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Let's say I have n marbles, and each can be one of 8 possible colors. I want to iterate over all possible values of color combinations of the marbles. How can I do this in MatLab?

For example, if n = 2, then I want to iterate through:

2 0 0 0 0 0 0 0

1 1 0 0 0 0 0 0

1 0 1 0 0 0 0 0

1 0 0 1 0 0 0 0

1 0 0 0 1 0 0 0

1 0 0 0 0 1 0 0

1 0 0 0 0 0 1 0

1 0 0 0 0 0 0 1

0 2 0 0 0 0 0 0

0 1 1 0 0 0 0 0

0 1 0 1 0 0 0 0

etc.

EDIT:

This is what some pseudocode would look like, but as you can see it's very sloppy. I'm interested in a more concise way of doing this, and one that doesn't need that if statement...

for i8 = 0:1:n
    for i7 = 0:1:n - i8
        for i6 = 0:1:n - i8 - i7
            for i5 = 0:1:n - i8 - i7 - i6
                for i4 = 0:1:n - i8 - i7 - i6 - i5
                    for i3 = 0:1:n - i8 - i7 - i6 - i5 - i4
                        for i2 = 0:1:n - i8 - i7 - i6 - i5 - i4 - i3
                            for i1 = 0:1:n - i8 - i7 - i6 - i5 - i4 - i3 - i2
                                if i1 + i2 + i3 + i4 + i5 + i6 + i7 + i8 == n
                                    i = [i1, i2, i3, i4, i5, i6, i7, i8]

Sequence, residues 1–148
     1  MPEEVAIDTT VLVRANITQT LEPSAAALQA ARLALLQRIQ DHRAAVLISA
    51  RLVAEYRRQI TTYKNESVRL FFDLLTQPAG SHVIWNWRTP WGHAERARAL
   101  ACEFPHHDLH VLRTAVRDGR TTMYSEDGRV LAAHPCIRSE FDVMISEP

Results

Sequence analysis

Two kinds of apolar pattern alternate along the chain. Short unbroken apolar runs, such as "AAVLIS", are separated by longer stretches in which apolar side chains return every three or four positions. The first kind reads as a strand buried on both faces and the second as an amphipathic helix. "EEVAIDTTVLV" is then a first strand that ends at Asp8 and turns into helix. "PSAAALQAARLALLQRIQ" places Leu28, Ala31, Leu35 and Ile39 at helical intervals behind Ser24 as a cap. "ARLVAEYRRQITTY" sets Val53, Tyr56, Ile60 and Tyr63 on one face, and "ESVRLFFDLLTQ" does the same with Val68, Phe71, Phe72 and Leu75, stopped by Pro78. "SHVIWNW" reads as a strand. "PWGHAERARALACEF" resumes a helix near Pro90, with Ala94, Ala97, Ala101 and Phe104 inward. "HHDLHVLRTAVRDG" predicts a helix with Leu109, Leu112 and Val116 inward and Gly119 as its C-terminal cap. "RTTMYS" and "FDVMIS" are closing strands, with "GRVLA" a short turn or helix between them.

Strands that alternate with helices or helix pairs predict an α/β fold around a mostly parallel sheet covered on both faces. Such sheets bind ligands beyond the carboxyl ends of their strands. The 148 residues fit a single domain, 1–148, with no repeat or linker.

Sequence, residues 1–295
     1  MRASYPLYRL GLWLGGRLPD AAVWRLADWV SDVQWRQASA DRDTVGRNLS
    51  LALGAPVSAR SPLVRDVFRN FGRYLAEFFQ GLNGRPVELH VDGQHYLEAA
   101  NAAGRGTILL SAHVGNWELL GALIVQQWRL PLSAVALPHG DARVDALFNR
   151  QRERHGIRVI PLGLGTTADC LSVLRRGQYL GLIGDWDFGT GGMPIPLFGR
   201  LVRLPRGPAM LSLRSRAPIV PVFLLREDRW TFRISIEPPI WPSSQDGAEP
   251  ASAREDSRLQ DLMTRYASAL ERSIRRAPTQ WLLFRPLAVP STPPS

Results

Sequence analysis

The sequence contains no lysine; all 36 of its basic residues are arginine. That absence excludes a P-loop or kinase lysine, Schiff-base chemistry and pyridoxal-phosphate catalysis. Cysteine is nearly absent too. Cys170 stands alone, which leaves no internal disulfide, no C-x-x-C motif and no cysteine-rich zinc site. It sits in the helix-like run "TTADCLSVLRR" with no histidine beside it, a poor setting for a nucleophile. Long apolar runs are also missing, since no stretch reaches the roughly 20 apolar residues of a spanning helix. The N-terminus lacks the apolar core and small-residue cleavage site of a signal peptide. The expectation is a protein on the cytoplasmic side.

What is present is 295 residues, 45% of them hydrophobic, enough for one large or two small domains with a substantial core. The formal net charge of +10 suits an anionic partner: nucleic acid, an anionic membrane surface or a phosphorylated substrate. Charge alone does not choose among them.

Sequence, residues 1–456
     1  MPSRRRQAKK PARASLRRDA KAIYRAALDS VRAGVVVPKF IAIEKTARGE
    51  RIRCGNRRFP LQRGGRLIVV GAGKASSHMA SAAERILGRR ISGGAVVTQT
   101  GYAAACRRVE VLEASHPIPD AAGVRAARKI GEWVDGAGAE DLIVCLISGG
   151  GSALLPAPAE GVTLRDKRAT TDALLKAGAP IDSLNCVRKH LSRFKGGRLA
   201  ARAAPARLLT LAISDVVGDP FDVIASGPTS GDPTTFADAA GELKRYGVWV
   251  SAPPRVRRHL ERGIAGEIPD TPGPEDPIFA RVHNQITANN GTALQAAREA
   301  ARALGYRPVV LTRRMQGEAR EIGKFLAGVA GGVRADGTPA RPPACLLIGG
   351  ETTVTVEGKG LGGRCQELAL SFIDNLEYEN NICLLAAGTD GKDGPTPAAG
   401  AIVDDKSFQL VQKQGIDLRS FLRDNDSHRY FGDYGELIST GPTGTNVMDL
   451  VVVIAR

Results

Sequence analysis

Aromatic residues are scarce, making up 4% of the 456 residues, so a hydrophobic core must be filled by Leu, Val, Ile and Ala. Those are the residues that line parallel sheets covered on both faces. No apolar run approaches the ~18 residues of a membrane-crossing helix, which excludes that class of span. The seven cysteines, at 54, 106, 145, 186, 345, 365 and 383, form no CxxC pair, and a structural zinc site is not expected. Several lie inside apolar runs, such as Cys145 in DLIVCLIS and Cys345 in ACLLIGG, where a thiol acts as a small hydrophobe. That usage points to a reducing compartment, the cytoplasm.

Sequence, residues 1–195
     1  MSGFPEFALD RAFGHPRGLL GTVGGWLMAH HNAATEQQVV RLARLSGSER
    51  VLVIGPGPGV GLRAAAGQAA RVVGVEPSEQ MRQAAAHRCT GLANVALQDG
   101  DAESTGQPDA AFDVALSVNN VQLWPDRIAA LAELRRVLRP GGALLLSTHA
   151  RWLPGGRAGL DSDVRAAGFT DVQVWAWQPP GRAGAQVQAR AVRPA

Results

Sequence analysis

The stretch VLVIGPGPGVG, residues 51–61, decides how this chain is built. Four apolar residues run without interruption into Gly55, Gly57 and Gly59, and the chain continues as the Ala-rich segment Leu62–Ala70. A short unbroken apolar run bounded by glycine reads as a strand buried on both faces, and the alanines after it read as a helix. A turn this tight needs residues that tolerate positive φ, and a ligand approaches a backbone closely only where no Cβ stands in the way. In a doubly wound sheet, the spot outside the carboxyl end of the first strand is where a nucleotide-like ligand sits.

end
                            end
                        end
                    end
                end
            end
        end
    end
end
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5 Answers 5

up vote 5 down vote accepted
+100

Here is the solution (the code was tested in GNU/Octave, it should work in Matlab as well). This code is derived from Octave-Forge multinom_exp.m

function conf = marbin (nmar,nbin)
%% Returns the position of nmar in nbis, allowing the marbles to be in the same bin.

%% This is standard stars and bars.
 numsymbols = nbin+nmar-1;
 stars = nchoosek (1:numsymbols, nmar);

%% Star labels minus their consecutive position becomes their index
%% position!
 idx = bsxfun (@minus, stars, [0:nmar-1]);

%% Manipulate indices into the proper shape for accumarray.
 nr = size (idx, 1);
 a = repmat ([1:nr], nmar, 1);
 b = idx';
 conf = [a(:), b(:)];
 conf = accumarray (conf, 1);
share|improve this answer
    
Hello jamaicaworm, this code works for arbitrary number of colors and marbles. It is also vectorized and you will not have memory problems. The output is formated exactly in the way you need. What is the problem, why you do not test it? –  JuanPi Mar 27 '12 at 13:17
    
Great, thank you! How does it work? –  jamaicanworm Mar 29 '12 at 13:42
    
It is using the properties of the stars and bars method to compute the position of the marbles (each bin has a color state associated with it). That's it, the rest is to produce the output format you wanted. If you look at the multinom_exp function in GNU/Octave you will see that JordiGH was the guy who come with the idea. I couldn't find much explanations in the web, but you could get the book by Feller to learn more. –  JuanPi Mar 30 '12 at 10:55